To begin with, the race coverage itself is uneven. Throughout the race, some stages are given excellent coverage that captures all the key moves, while on other stages, we are taken into the action after the most interesting moves have already taken place, and only given a quick verbal summary of events that we really would have wanted to see first-hand. Fortunately, the coverage is long enough (at four and a half hours in total) that even with some omissions of interesting material, we do get to see the real heart and soul of the race.

Then, for some reason, the excellent commentary team of Phil Liggett and Paul Sherwen is joined here by a third commentator, Bob Roll. Having three race commentators is a bit awkward to begin with; Liggett and Sherwen switch back and forth naturally and easily converse about the race, but Roll is a "third wheel" whose contributions never seem well timed. Unfortunately, that's not the only problem. Liggett and Sherwen have class; Roll doesn't. His comments are awkward, he constantly repeats himself, his enthusiasm seems forced, and his observations are often completely irrelevant to what's going on. The problem is not simple inexperience, it's that both content and presentation are poor; in contrast, Paul Sherwen had interesting and relevant things to say right from the start. In a nutshell, Roll is a lousy commentator and I really hope that he isn't being considered as a regular part of the team.

Some of the production values are lower than usual as well. The Vuelta coverage has been partially "localized," with the Spanish on-screen announcements and listings of the results replaced in some instances by English ones... not a bad idea, except for the spelling mistakes (like Espana for España and Jiminez for Jiménez) and an obsession with presenting irrelevant facts (like how many riders are left in the race). On the second disc, there's also an instance in which the image "freezes up" and remains static for about a minute, while the audio continues as normal.

On the bright side, for production values, the overall map of the race is used quite effectively, and we are shown profiles before each mountain stage. Ideally I'd have liked to see profiles for every stage, as well as an indication during the race coverage of which climb the riders are on, but this is handled reasonably well here.

What it comes down to is this: Is the 2003 Vuelta a España a great race? Absolutely. Is WCP's coverage of it equally great? Unfortunately not. WCP's uncharacteristically flawed coverage is what holds the DVD of the 2003 Vuelta back from the full five stars that it could otherwise have earned; nonetheless, the race itself is simply outstanding, and the DVD is certainly worth getting in order to see an extremely exciting and dramatic race.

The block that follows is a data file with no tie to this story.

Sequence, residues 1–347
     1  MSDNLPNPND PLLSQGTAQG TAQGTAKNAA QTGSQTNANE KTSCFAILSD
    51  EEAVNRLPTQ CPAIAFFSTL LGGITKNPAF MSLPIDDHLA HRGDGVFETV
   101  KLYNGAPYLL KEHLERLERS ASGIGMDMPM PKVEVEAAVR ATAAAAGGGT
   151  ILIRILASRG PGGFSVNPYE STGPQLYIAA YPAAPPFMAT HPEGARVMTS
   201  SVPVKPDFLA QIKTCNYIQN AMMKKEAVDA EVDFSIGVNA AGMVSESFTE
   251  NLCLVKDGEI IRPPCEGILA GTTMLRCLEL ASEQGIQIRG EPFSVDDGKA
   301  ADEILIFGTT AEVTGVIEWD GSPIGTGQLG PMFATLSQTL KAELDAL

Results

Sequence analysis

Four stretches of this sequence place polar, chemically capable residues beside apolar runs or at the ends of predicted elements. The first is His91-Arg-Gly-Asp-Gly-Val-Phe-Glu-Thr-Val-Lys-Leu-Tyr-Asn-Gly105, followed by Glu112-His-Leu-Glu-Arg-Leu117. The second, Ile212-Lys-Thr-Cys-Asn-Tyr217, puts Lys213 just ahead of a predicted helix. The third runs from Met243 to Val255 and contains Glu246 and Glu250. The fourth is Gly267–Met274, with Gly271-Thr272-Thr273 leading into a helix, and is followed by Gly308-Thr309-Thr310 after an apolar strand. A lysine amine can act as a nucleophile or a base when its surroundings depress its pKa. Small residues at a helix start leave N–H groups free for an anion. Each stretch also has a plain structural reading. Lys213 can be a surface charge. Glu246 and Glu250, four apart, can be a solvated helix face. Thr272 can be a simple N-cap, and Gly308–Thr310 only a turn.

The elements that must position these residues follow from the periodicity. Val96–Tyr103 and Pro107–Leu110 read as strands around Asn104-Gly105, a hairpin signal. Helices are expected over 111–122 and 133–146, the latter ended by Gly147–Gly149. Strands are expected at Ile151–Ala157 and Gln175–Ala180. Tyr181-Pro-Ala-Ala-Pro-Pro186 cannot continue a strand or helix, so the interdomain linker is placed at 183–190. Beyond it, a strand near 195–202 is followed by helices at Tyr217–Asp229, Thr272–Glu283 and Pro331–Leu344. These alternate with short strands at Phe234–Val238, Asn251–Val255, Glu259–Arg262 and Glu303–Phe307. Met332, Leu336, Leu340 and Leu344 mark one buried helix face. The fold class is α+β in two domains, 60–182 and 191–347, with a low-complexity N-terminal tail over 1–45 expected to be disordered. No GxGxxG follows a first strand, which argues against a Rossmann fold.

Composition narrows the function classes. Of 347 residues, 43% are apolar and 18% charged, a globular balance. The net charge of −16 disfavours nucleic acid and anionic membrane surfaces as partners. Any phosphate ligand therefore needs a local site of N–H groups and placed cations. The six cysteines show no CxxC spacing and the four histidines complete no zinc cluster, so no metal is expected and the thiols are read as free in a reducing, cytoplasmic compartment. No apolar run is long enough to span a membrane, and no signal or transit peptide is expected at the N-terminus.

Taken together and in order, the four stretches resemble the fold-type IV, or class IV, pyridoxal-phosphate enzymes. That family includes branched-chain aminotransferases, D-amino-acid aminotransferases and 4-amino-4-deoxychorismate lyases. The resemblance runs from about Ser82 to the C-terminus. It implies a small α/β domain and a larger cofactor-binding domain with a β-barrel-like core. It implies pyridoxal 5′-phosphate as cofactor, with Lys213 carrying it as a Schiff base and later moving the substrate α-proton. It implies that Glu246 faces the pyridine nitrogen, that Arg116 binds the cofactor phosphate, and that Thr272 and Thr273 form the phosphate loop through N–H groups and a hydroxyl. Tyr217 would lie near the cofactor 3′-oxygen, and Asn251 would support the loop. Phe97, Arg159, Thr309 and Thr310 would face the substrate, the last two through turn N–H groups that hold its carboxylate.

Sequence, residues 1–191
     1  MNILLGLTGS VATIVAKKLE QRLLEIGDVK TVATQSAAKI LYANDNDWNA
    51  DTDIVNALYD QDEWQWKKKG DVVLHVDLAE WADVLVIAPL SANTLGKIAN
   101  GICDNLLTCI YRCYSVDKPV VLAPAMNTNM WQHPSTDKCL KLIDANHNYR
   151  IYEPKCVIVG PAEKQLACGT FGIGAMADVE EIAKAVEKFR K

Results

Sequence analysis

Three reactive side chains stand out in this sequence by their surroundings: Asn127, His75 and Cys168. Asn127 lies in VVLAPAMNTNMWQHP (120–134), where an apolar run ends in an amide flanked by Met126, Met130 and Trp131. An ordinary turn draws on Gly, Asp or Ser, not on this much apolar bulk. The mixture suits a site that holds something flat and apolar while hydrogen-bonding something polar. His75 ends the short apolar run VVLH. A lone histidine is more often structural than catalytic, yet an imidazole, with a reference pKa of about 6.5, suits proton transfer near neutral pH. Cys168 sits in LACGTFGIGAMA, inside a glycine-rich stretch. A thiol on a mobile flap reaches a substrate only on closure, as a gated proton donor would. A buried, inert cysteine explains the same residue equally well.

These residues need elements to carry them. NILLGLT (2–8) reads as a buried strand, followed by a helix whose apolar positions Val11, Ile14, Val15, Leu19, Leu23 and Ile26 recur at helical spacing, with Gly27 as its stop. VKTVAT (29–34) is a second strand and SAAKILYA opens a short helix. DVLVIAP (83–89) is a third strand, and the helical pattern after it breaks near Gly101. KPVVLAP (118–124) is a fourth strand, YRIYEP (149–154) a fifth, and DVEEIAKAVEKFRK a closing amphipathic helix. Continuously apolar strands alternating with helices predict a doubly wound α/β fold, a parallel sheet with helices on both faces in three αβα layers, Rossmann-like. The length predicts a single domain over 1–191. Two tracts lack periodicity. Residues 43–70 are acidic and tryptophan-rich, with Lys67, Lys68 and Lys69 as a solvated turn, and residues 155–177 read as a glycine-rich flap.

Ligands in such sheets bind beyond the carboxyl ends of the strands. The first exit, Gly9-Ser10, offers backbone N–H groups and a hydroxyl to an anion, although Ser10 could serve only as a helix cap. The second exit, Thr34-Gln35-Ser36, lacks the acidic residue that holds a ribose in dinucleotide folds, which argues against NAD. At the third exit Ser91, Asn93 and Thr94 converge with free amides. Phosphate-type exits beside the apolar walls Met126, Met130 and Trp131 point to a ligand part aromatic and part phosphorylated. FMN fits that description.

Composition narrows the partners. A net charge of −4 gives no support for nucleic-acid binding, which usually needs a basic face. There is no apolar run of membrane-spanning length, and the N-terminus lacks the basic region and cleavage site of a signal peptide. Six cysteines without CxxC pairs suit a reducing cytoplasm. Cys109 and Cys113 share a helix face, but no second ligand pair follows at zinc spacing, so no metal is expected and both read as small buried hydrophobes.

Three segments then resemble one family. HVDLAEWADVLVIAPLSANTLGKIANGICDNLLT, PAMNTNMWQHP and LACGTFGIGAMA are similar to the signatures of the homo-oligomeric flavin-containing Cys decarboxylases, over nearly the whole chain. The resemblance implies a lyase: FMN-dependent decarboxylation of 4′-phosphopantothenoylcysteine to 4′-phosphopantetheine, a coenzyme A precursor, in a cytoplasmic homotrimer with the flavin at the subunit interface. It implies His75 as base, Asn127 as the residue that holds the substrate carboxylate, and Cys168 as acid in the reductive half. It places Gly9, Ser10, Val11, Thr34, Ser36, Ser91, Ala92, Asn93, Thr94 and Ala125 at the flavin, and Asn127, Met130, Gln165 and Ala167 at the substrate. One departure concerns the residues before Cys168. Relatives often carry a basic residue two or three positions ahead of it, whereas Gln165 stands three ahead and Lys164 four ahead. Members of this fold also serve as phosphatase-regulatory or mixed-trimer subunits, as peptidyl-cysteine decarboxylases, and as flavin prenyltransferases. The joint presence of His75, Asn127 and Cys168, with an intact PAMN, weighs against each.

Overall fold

The 2003 Vuelta a España is a three-DVD set, packaged in an attractive double-wide keepcase. The DVDs are usefully labeled with which stages appear on which disc.


The 2003 Vuelta is presented in its original 1.33:1 aspect ratio, preserving the image as originally shown in television broadcasts. The image quality of the 2003 Vuelta is acceptable; it's not as good as some of the other races that have come out on DVD the same year, but it's better than others, like the Tour of Romandie. On the whole, colors are good, looking bright and natural, although sometimes there's a bit of fluctuation in the colors. Detail is reasonable; I'd have liked to have seen a sharper picture, but overall the clarity of the image is satisfactory. Certainly there's no noise or dirt in the image, and the picture is free of color bleeding. There's some picture break-up at various times during the race, especially in the mountains, but this is entirely an issue with the source material and not the fault of the transfer.


The Dolby 2.0 soundtrack for the Vuelta ends up providing a satisfactory overall listening experience, but it's more uneven than in most of the other WCP productions. Especially in the early stages of the race, the balance of the commentators' voices with the background sound of the race is badly handled, so that the "race noise" is overly loud and even drowns out the commentary at times. Fortunately, this problem clears up partway through the race, and the sound is clear and understandable for the remainder of the coverage.


There are no special features here. The menus are easy to navigate, with each disc having chapters for individual stages.

Final thoughts

If you enjoy the three-week Grand Tours, then the 2003 Vuelta a España is one race that you won't want to miss. It's a race full of action, one in which the outcome is never certain until the very end. It's a race with talented riders striving to win, but no "superstars" who simply take over: we can identify with and admire Isidro Nozal's dogged defense of his surprise golden jersey, as well as Roberto Heras' equal determination as day in and day out he whittles away at the time gap between him and victory. It's a shame that WCP dropped the ball to a certain extent in the production of the DVD; the presentation of the race, as well as its video and audio quality, isn't up to the high standards that we've seen in races like the Giro d'Italia or the Spring Classics, and that's why the race gets four rather than five stars. What matters in the end, though, is the race, and the 2003 Vuelta a España is one of the best in years. It's highly recommended.